What Trump is Trying to Hide with His Crazy Russia Comments
“It’s just a total deflection, this whole thing with Russia.”
Donald Trump was criticizing Democratic nominee Hillary Clinton during a press conference this morning, but inadvertently summarized his own media strategy for the day.
In some of his most controversial comments since the closing of the Republican National Convention last week, Donald Trump essentially encouraged Russian hackers to locate Hillary Clinton’s emails and make them public.
Trump’s comments are at best unpatriotic; however, in this particular case, critics argue that his behavior — namely, calling on a foreign government to conduct espionage, to hack American servers and disclose the information therein — amounts to treason. Comparisons to Watergate abounded.
Reaction to the comments on social media was swift — #TreasonousTrump, #Russia, and #treason were all trending within hours of the incendiary comments. The Clinton campaign quickly issued a statement condemning the comments. Other major Republicans — vice presidential nominee Mike Pence among them — quickly distanced themselves from their candidate’s suggestion.
All of the above — the media coverage, the Twitter outrage, the Democratic condemnation and the oh-he-didn’t-really-mean-it posturing of the GOP — have become hallmarks of the Donald Trump media cycle.
He says something outrageous, social media erupts, both parties close ranks, and eventually the storm subsides, with the offensive comments filed away by the DNC for future use in attack ads. Trump himself is well aware of the machinations of this cycle.
It is only logical, therefore, that at some point he would seek to use the media outrage he can so easily manufacture in order to distract from an issue he’d rather avoid. Indeed, Trump has kept a large number of potentially inflammatory stories from gaining airtime and scrutiny in mainstream media: a rape allegation from a woman who was thirteen at the time of the alleged assault; his history of housing discrimination against blacks in various Trump properties; and even the potentially enormous consequences of his unprecedented political and military inexperience.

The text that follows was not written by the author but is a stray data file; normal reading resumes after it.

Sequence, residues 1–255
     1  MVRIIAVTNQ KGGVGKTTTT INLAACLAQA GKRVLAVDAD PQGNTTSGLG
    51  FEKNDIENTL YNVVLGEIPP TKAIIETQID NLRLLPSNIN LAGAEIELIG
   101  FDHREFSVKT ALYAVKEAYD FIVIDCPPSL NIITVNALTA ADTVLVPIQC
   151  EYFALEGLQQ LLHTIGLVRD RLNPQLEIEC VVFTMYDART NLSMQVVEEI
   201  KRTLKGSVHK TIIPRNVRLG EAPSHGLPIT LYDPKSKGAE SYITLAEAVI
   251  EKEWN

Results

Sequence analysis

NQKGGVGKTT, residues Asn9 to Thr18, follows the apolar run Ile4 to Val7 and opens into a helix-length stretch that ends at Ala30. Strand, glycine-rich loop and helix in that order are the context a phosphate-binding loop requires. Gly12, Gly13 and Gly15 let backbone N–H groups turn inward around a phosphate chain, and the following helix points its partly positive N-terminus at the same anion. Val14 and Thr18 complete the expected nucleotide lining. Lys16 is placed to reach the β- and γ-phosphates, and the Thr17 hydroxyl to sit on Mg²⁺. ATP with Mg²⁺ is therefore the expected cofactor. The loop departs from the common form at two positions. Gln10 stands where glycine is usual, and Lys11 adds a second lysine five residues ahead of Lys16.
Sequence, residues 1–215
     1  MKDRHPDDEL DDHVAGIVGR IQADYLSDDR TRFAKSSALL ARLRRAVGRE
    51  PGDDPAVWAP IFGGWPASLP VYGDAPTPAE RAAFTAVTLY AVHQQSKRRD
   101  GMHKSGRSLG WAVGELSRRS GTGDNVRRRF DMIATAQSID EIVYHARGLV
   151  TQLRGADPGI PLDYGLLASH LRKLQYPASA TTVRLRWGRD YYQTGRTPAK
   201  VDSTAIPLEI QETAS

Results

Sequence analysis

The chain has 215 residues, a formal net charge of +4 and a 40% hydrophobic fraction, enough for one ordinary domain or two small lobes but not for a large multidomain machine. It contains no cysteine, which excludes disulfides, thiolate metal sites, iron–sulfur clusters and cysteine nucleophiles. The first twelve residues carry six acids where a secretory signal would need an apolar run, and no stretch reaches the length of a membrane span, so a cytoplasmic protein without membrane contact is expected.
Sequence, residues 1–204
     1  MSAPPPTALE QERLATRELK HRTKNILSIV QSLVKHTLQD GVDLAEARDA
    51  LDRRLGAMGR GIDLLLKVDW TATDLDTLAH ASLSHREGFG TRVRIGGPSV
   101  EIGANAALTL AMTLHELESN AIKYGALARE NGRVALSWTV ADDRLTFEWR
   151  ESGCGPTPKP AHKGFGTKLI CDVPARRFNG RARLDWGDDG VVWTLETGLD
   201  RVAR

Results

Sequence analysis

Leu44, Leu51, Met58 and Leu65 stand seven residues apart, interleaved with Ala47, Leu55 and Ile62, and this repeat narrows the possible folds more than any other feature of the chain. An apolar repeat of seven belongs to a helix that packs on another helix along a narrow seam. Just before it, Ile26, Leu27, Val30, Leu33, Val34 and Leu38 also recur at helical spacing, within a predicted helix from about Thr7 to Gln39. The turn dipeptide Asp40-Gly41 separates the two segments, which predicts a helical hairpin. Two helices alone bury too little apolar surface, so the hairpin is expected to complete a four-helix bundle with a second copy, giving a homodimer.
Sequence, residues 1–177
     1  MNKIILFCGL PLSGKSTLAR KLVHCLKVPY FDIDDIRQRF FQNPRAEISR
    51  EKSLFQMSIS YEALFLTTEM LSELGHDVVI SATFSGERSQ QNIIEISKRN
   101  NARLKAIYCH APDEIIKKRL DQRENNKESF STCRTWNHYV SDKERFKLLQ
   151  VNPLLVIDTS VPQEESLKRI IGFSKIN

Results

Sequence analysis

Donald Trump’s outlandish comments — today’s and many others — are, therefore, instruments of distraction. The steady stream of vitriol he emotes at press conferences (and on Twitter) enables him to control the narrative as he pleases while maintaining his reputation for a willingness to say the politically incorrect.
So what is Trump trying to distract us from today? Ask his campaign manager.
In an appearance on CBS This Morning earlier today, Trump campaign manager Paul Manafort definitively stated that Trump will not be releasing his tax returns before the election.
This statements comes after months of pressure from Democrats and Republicans for Trump to release his tax returns, which have to this point been deflected by the candidate, who has argued that he cannot release his tax returns because he is under audit. (As the IRS has told the Huffington Post, that argument is inaccurate and invalid.)
Stranger still are the comments Trump made about his tax returns during his own press conference this morning, during which he promised to release them to the public once his audit is completed, in direct opposition to the statement Manafort made to CBS.
The Trump campaign has spent the day making simultaneous, contradictory statements regarding the candidate’s tax returns, but the Clinton campaign has not released an official statement regarding the discrepancy. The New York Times’ website features the ridiculous, dangerous Russian espionage comments but has nothing about his taxes. #TrumpTaxReturns is not trending on Twitter.
Trump has — once again — managed to deflect attention away from an issue he’d prefer to ignore.
If the contents of his tax returns were benign, one would think Trump would be happy to release them now. The mere fact of their banality would be widely covered after such intense speculation, and it would perhaps distract from the Democratic National Convention, where the president himself is planning to speak tonight. The tax return release would mean one fewer thing the Clinton campaign could hit him on.
Unless, of course, he really does have something to hide.
In recent days, speculation has turned to his potential ties and business interests with Russia, whose government has been accused of being behind the DNC emails leak in order to negatively affect Hillary Clinton’s chances of winning the presidency. Business mogul Mark Cuban has suggested that Trump has inflated his own wealth and may not make nearly as much money as he has previously indicated, a revelation which would come as a significant blow to Trump’s personal brand.
Former Republican presidential nominee Mitt Romney said in a May Facebook post that refusal to release tax returns is “disqualifying.” Governor Romney released his own tax returns during his presidential run in 2012.
Trump’s refusal to release his tax returns — and his reliance on a disproven excuse — ought to seriously concern American voters. His ongoing rape allegation and history of anti-black discrimination ought to horrify voters. And yet his off-the-cuff, if potentially dangerous, remarks continue to win the day.
His comments about Russian espionage were wrong, but as with any presidential candidate, what he’s said should concern us less than what he’s done — especially when that’s precisely what he’s trying to hide.